Q&A: What is the first step in launching my idea for an academic book project?

Q: I have an idea for an academic book. What is my first step in launching this project?

John Bond, Publishing Consultant, Riverwinds Consulting:

“Whether it be an academic monograph, textbook, or other type of book, the first step is to solidify ‘The Idea.’ This process has several components. My recommendation is approach this in a stepwise fashion:

Your work and international markets

“My work will have broad appeal in Europe.”

“China is a growing market and I think they’d love my book.”

“I’d like to see a Spanish-language version of my textbook. It would be a hit.”

“I know someone who can translate my book into Japanese. Should they get started?”

As a Book Publisher and later a Publishing Consultant, I have heard countless authors speculate on the market for their book outside of the English-language and/or North America. But what is involved with having your work reach Asia, Africa, Europe, and beyond?

Your inner expert

I have the good fortune to work with many highly educated, highly qualified, experts in a diverse range of fields. Masters-prepared. Doctorly-prepared. Academics and researchers that have devoted themselves to the pursuit and sharing of knowledge in the US and world-wide. Others seek their opinions and expertise. They have done significant research and published journal articles and other valued communications.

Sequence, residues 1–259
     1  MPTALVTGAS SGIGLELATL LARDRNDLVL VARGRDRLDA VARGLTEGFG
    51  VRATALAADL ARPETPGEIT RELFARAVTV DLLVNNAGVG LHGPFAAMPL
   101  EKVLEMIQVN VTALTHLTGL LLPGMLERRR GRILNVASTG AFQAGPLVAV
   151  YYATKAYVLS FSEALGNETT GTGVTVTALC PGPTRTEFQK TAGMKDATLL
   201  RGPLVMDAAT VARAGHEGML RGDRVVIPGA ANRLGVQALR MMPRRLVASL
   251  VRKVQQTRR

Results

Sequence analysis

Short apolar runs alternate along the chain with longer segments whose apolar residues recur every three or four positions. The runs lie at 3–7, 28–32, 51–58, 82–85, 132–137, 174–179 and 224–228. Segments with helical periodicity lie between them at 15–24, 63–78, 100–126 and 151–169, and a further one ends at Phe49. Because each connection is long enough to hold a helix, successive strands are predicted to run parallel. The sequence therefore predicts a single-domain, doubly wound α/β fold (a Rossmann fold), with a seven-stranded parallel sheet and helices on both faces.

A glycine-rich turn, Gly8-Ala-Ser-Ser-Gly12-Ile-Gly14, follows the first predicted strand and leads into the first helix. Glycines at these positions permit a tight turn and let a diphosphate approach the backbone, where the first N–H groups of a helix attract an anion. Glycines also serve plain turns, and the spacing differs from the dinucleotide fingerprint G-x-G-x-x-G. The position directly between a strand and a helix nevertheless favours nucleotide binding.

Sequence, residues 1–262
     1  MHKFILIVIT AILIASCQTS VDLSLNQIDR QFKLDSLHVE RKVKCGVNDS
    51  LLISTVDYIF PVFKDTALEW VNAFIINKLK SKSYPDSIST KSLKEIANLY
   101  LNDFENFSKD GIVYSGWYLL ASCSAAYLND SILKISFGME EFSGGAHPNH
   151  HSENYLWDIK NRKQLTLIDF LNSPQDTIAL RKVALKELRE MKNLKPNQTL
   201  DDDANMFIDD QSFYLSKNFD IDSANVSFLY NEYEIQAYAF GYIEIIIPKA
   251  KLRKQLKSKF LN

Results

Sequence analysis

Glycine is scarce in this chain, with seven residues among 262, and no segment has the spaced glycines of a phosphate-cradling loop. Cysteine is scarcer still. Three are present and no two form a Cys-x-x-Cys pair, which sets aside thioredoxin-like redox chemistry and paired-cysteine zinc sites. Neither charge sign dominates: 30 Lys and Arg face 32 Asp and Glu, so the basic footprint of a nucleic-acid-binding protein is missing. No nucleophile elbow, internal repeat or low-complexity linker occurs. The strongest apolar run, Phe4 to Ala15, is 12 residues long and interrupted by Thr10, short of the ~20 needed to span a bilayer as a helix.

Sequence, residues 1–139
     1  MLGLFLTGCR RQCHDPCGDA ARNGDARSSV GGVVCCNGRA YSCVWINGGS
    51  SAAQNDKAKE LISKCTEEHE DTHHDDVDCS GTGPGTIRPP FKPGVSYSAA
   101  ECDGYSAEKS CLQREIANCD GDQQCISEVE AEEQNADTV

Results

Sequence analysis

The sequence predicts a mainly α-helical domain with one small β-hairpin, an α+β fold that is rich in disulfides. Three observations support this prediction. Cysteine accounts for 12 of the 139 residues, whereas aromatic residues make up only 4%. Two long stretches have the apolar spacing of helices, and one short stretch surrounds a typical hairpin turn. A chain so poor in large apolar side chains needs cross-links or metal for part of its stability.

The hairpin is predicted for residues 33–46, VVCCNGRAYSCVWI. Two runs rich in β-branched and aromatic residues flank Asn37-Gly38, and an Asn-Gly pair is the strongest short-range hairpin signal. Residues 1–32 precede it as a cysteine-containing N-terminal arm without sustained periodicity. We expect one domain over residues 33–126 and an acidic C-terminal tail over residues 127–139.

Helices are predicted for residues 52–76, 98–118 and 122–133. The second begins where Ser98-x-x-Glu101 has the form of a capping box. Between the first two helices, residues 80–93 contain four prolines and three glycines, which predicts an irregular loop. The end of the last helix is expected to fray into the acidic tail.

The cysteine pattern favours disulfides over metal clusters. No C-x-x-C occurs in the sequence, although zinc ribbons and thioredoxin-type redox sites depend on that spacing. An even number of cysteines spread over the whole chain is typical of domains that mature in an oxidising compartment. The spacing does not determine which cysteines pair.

So, I could say I work with “leading experts,” “internationally recognized leaders,” or the “most important authorities.” Does this describe you?

Conference networking in the age of Zoom

Conferences and conventions have been one of many things that have changed in the age of COVID. While much of the great education and content is still available through virtual conventions, one aspect of conference attendance that has changed significantly is networking.

Losing out on networking in the age of virtual conference would be quite a loss. But how do you proceed without the in-person experience? Fear not. There are solutions.

How do you look in profile?

Being visible in your academic or research is essential to your long term career. It also affects how widely your work will be read and disseminated. Search engines like Google will care about who you are and how connected your writing is.

So how do you ensure that you look your best in your online academic profile?

Permission granted! But not the kind you think.

Permission conjures up the image of asking a publisher to use a table or a photo from their publication in your next journal article. This post is not about those types of permission, but rather about the permission you give yourself.

We have all read too many articles (including mine) about how things have changed over the past year. Time challenges. Financial challenges. Changing and increasing demands in the classroom. Emotional rollercoasters. Pressure. The ground under us appears to be constantly shifting.

You need to take this all into account and be good with giving yourself permission.